• Mateos-Garcia, Juan, W. Edward Steinmueller, and Aldo Geuna, “The Impact of ICT Innovations on the Future of the European Creative Content Sector”, EPIS Deliverable 2.2.2, European Techno-Economic Policy Support Network (ETEPS), 2007. http://epis.jrc.ec.europa.eu
  • Friedewald, Michael, Matthias Weber, Juan Mateos-Garcia, Aldo Geuna, W. Edward Steinmueller, Michael Rader, Knud Böhle, Gill Ringland, Jan Bierhoff, Ioannis Maghiros, Fabienne Abadie, and Corina Pascu, “The Creative Content Sector:  Scenarios for the future & policy implications”, Unpublished EPIS Deliverable 2.4, European Commission, Institute for Prospective Technological Studies, Seville, 2008.

Articles

  • Abadie, Fabienne, Michael Friedewald, and K. Matthias Weber, “Adaptive Foresight in the Creative Content Industries: Anticipating Value Chain Transformations and Need for Policy Action”, in Xabier Goenaga Beldarrain, Paul Desruelle, Timo-Topias Totti Könnölä, Cristiano Cagnin, and Karel Hagemann (eds.), The 3rd International Seville Conference on Future-Oriented Technology Analysis. Impacts and Implications for Policy and Decision Making. Book of Abstracts, Office for Official Publications of the European Communities, Luxembourg, 2008, pp. 145-146.
  • Abadie, Fabienne, Michael Friedewald, and K. Matthias Weber, “Adaptive foresight in the creative content industries: anticipating value chain transformations and need for policy action”, Science and public policy, Vol. 37, No. 1, 2010, pp. 19-30.

CONTECS CONverging TEChnologies and their impact on the Social sciences and humanities

This project addresses the potential roles that the social sciences and humanities (SSH) can play with regard to the phenomenon of technological convergence (between Nano-, Bio-, Information technologies, Cognitive sciences and Social sciences and Humanities), its shaping and ethical and societal implications.

In an integrated and systemic approach the project explores the major ethical and societal questions raised by technological development in the field of converging technologies (CT) and the ways in which these can be addressed by the Social Sciences and Humanities. In the context of imminent transformations to a European knowledge-based society, these questions present key opportunities and challenges which the research community needs to be prepared to face. This research project will build on a review and monitoring of technological developments in the CTs and relevant global RTD policy trends, at the same time analysing their possible implications for contributions by the SSH.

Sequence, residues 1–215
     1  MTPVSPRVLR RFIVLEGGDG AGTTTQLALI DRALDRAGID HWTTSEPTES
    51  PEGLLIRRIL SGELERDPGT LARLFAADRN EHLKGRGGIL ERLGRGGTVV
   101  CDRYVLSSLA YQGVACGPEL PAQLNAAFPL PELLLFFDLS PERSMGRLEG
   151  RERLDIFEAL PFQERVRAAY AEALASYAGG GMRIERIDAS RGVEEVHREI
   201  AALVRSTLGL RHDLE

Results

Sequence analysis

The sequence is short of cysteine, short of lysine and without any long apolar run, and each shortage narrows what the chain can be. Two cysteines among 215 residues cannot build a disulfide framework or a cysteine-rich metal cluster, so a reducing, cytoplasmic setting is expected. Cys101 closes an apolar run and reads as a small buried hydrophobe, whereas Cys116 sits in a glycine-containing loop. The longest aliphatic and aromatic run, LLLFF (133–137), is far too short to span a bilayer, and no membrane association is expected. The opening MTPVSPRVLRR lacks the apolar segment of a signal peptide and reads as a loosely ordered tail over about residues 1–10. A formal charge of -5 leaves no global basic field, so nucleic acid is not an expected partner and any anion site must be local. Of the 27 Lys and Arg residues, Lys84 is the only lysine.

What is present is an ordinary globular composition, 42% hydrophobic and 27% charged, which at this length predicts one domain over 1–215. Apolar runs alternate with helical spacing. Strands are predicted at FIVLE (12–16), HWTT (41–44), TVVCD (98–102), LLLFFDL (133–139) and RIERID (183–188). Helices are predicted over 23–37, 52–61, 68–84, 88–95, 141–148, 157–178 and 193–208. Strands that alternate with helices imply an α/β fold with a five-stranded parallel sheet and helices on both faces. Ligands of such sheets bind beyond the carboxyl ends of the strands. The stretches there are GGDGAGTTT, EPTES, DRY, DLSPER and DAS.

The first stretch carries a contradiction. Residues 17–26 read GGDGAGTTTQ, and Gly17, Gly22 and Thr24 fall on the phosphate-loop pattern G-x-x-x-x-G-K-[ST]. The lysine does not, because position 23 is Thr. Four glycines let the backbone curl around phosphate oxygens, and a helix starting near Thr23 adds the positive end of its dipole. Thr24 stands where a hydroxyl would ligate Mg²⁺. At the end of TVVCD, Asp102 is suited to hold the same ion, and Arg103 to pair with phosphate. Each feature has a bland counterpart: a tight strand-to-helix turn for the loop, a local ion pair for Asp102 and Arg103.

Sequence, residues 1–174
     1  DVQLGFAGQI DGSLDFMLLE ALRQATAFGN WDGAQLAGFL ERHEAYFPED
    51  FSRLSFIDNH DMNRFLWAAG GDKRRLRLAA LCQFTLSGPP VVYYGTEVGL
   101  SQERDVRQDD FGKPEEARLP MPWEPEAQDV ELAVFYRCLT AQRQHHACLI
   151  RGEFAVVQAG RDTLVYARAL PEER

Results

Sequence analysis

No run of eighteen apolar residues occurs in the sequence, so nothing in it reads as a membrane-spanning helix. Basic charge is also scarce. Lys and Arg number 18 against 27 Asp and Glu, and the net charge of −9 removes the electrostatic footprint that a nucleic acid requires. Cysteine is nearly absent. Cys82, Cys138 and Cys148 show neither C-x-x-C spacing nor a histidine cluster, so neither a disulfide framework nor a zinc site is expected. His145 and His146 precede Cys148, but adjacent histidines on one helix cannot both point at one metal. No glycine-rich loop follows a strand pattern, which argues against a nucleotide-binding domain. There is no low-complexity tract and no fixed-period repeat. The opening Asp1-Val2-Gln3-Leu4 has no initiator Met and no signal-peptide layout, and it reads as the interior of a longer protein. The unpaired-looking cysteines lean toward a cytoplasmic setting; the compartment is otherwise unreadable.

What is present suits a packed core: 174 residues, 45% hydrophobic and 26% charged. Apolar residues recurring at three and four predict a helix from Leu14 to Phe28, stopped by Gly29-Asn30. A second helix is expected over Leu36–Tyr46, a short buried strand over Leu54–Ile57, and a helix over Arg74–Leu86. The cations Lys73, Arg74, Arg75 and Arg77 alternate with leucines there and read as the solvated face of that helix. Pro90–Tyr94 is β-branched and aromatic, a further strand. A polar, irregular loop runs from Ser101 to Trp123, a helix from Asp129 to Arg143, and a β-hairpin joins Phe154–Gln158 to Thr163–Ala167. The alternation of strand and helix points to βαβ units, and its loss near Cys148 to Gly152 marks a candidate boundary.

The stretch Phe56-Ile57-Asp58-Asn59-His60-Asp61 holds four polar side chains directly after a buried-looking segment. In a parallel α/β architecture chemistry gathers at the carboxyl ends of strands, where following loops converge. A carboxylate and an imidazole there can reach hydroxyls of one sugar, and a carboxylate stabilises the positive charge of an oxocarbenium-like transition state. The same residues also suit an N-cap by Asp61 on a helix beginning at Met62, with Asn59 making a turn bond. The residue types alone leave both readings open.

The project will further analyse how and to what extent the SSH can contribute to the shaping of science and technology. The final aim is to raise awareness of Converging Technology issues throughout the SSH community and to develop options for a research agenda to be implemented in the SSH priority of the 7th Framework Program. The emergence of the knowledge-based society will entail new forms of relationships between its citizens on the one hand, and between its citizens and institutions on the other hand. The project aims to mobilise European research capacities in SSH that are necessary to develop an understanding of and to address issues related to this critical phenomenon.

Status

Completed (02/2006 – 01/2008)

Client

6th Framework Programme, European Commission, DG Research, Directorate K

Partners

  • Research Centre Karlsruhe, Institute for Technology Assessment and Systems Analysis (ITAS)
  • University Oxford, Saïd Business School
  • L’Institut de l’Ecole normale supérieure

Publications

Articles and book chapters

  • Rader, Michael, “CONverging TECnologies and their impact on the Social sciences and humanities (CONTECS)”, Technikfolgenabschätzung – Theorie und Praxis, Vol. 15, No. 1, 2006, pp. 139.
  • Coenen, Christopher, “Converging Technologies – Promises and Challenges”, Technikfolgenabschätzung – Theorie und Praxis, Vol. 15, No. 1, 2006, pp. 110-114.
  • Quendt, Christiane, Torsten Fleischer, and Michael Rader, “Converging Technologies als Gegenstand internationaler forschungspolitischer Debatten – Beoachtungen, Analysen, Probleme”, Paper presented at: Technology Assessment in World Society: NTA2 – Second conference of the “TA Network”, Berlin, 2006.